Who is Saint Valentine?
Valentine’s Day continues to evolve through the years but with the same message of spreading love in its many forms. Many of the current legends that characterize Saint Valentine were invented in the fourteenth century in England, notably by Geoffrey Chaucer and his circle, when the feast day of February 14 first became associated with romantic love.
The History of Valentine’s Day is based on the history of the Patron of Love, a saint originally from a little town of Central-Italy, Terni, surrounded by legends. Saint Valentine (Latin: Valentinius), officially Saint Valentine of Rome, is a widely recognized third-century Roman saint commemorated on February 14 and associated since the High Middle Ages with a tradition of courtly love.
Valentine’s Day, which as everyone knows is February 14, is now celebrated around the world, a lovers tradition. To celebrate Valentine’s Day, typically in Anglo-Saxon countries, lovers exchange “valentine”, ie letters and cards of love characterized by typical symbols like hearts, cupid doves. English 18th-century antiquarians, noting the obscurity of Saint Valentine’s identity, suggested that Valentine’s Day was created as an attempt to supersede the pagan holiday of Lupercalia (mid-February in Rome). This idea has lately been dismissed by other researchers. The history of Valentine’s Day, as the Patron of Lovers, is based on several legends, as follow.
First Legend: From your Valentine with Love
The first legend regarding the history of Valentine’s Day tells that tenderly tied to the young daughter of his “jailer” (which had miraculously restored his sight), before being decapitated he sent a farewell message to the girl that ended with the words ” from your Valentine“. From this legend and this phrase born therefore the phrases used on this occasion, “Be my Valentine“.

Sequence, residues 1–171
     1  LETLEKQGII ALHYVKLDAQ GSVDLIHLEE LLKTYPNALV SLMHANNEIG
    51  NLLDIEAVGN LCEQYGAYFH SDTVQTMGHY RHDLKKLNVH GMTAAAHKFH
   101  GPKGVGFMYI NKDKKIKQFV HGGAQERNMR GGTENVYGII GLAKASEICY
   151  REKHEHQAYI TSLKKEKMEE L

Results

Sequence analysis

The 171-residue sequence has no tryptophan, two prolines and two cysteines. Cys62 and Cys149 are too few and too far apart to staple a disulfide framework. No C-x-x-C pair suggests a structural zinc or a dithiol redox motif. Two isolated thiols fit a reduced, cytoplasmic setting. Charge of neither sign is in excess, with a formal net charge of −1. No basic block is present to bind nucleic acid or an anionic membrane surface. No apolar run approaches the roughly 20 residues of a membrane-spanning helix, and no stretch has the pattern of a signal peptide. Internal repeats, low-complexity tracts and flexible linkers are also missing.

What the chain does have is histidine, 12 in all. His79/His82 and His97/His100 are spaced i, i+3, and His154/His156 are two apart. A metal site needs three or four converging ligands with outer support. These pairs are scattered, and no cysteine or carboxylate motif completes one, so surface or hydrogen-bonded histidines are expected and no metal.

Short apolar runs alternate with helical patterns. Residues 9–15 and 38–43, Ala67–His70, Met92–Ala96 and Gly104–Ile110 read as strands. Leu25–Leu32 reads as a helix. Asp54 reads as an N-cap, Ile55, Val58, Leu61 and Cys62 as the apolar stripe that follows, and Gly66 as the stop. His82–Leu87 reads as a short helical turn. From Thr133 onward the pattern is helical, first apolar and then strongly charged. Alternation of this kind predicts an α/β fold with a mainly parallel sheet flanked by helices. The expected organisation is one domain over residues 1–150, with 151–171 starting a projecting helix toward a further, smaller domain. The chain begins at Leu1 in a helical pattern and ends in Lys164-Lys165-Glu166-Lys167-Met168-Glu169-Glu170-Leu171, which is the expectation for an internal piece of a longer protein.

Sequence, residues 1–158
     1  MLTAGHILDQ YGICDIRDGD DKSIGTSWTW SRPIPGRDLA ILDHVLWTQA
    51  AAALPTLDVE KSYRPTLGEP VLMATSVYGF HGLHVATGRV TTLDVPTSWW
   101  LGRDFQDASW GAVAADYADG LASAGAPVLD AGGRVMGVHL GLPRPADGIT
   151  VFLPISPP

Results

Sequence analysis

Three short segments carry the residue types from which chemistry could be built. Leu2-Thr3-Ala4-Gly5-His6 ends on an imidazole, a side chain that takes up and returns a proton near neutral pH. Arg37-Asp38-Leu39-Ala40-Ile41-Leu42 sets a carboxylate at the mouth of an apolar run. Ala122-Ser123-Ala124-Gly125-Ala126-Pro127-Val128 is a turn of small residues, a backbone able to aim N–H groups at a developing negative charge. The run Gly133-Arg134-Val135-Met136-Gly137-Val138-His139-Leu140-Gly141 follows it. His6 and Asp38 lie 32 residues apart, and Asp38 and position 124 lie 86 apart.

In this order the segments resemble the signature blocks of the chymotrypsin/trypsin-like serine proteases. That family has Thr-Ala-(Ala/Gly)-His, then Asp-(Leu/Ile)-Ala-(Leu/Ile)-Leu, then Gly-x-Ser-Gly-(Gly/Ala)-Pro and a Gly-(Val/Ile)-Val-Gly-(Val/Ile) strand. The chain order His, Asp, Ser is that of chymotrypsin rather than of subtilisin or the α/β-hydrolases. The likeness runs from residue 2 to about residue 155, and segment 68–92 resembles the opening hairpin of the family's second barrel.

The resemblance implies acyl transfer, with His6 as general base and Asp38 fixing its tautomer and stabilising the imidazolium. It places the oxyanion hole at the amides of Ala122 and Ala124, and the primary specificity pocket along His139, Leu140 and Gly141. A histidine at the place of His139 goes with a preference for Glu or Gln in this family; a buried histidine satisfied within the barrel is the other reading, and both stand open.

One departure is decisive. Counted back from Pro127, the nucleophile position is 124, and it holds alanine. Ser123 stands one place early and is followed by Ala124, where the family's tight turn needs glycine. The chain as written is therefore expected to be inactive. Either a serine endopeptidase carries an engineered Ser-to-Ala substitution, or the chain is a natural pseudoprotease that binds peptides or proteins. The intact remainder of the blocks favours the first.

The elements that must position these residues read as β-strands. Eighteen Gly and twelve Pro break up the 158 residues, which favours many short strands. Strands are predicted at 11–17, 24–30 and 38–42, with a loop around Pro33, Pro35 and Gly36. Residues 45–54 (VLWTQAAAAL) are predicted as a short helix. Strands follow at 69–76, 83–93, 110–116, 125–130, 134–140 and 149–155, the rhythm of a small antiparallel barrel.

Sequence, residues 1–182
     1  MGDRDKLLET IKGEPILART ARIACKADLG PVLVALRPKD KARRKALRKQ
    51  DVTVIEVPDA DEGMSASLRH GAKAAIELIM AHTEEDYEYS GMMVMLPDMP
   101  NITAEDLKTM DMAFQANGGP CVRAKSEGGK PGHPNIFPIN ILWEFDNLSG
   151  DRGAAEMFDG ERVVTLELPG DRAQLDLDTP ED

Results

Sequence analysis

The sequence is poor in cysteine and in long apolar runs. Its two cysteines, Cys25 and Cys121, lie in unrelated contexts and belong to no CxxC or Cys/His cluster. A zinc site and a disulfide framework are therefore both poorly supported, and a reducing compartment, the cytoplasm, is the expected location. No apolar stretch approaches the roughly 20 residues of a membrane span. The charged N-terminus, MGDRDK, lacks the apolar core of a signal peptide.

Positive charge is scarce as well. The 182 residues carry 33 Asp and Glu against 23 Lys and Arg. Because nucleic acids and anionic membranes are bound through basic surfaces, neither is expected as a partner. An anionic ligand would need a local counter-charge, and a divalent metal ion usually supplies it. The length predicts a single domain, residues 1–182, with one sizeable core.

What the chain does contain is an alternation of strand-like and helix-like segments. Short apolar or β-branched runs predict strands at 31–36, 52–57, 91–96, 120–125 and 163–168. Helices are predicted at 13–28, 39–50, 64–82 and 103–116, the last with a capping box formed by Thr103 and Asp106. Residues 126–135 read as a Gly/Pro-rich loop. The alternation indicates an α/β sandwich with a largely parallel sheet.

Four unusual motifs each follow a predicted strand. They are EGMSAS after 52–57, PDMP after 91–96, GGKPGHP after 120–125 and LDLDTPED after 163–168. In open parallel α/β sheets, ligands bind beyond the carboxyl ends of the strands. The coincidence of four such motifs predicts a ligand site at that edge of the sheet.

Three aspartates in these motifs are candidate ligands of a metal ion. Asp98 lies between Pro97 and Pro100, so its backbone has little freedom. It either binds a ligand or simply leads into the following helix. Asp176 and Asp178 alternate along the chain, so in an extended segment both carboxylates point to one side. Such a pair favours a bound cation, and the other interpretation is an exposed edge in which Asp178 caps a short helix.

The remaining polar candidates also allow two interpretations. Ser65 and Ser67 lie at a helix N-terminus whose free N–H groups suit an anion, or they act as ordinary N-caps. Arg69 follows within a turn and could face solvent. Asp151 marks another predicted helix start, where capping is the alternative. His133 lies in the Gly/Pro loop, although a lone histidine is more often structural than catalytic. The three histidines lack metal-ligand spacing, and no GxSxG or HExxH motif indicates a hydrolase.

Second Legend: a Rose, Forever Lasting Love
The second legend of the history of Valentine’s Day is linked to a rose: one day Valentino handed a rose to a young couple while arguing and asked them to hold it together in their hands, and praying to the Lord for their love would last forever. They did so, and reconciled, Bishop only to return later to bless their wedding. In another version of this story, the saint was able to inspire love in the two young people by making several pairs of pigeons fly around them. Those birds were so sweet as they seemed to exchange tender signs of affection; the word “lovebirds” has its origin from this episode. “Lovebirds“, in fact, is translated in Italian with the word “piccioncini” (little pigeons).
Third Legend: Valentine joins in Marriage Sabino, a Roman centurion, with his loved Serapio
Valentine, former bishop of Terni, united in marriage the young Christian Serapio and the Roman previously Pagan centurion Sabino: the union was hampered by her parents, but once overcome their resistance, it was soon discovered that the young woman was seriously ill . The centurion called Valentino to the bedside of the dying woman and asked him never to be separated from his beloved: the holy bishop baptized him and then joined him in marriage to Serapio, after which, they both died. Eternally together.
In short, the true history of Valentine’s Day is a mystery, halfway between reality and myths, but with a common element, eternal love, which we celebrate every year on February 14.
Posted by Nicoletta and Tiziana
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